What is anthrax?
What is Anthrax? Anthrax is a serious infectious disease caused by gram-positive, rod-shaped bacteria known as Bacillus anthracis. Anthrax can be found naturally in soil and commonly affects domestic and wild animals around the world.
How do you get anthrax?
This can happen when people breathe in spores, eat food or drink water that is contaminated with spores, or get spores in a cut or scrape in the skin. It is very uncommon for people in the United States to get infected with anthrax. Certain activities can also increase a person’s chances of getting infected.
What happens when anthrax spores enter the body?
When anthrax spores get inside the body, they can be “activated.” When they become active, the bacteria can multiply, spread out in the body, produce toxins (poisons), and cause severe illness.
How common is anthrax in animals?
Anthrax is more common in developing countries and countries that do not have veterinary public health programs that routinely vaccinate animals against anthrax. In the United States, yearly vaccination of livestock is recommended in areas where animals have had anthrax in the past.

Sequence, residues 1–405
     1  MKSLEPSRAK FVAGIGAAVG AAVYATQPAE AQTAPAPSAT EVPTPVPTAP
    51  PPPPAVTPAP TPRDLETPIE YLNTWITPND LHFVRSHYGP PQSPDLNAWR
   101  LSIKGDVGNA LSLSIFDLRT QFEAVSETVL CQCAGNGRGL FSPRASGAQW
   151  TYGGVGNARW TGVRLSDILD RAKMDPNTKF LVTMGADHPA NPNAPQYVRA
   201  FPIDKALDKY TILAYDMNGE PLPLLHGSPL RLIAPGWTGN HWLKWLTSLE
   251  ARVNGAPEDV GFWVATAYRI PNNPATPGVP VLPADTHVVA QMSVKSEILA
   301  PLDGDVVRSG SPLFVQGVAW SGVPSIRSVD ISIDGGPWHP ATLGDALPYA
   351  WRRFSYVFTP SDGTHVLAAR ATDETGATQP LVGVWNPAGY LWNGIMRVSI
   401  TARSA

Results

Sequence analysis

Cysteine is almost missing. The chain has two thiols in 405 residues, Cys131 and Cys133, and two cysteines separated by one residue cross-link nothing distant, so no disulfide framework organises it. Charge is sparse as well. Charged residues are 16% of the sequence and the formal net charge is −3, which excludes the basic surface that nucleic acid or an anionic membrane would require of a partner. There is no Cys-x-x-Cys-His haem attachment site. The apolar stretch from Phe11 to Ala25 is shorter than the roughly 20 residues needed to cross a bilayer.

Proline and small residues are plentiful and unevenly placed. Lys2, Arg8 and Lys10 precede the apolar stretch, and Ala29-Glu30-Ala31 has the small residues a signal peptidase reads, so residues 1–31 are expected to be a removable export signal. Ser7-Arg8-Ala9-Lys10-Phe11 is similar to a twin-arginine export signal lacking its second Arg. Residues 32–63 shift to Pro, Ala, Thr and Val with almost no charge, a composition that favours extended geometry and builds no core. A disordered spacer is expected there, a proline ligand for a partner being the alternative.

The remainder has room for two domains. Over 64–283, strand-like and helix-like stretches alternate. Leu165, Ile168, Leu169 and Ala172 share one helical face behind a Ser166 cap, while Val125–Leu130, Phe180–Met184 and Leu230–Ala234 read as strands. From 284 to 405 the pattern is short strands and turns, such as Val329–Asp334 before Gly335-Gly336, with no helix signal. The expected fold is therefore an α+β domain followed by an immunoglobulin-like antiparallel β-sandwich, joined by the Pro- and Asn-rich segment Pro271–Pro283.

What is the prevalence of gastrointestinal anthrax in rural areas?
Gastrointestinal anthrax is greatly underreported in rural disease-endemic areas of the world. The apparent paucity of this form of anthrax reflects the lack of facilities able to make the diagnosis in these areas. The spectrum of disease, ranging from subclinical infection to death, has not been fully recognized.
Is anthrax contagious to humans?
Anthrax can cause severe illness in both humans and animals. Anthrax is not contagious, which means you can’t catch it from another person like the cold or flu. How people get infected with anthrax